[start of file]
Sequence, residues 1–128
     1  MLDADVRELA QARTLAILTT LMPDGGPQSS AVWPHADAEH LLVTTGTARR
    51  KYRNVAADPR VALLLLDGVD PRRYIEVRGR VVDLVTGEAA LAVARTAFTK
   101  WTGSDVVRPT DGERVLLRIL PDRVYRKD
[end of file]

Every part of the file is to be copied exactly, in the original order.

Sequence, residues 1–128
     1  MLDADVRELA QARTLAILTT LMPDGGPQSS AVWPHADAEH LLVTTGTARR
    51  KYRNVAADPR VALLLLDGVD PRRYIEVRGR VVDLVTGEAA LAVARTAFTK
   101  WTGSDVVRPT DGERVLLRIL PDRVYRKD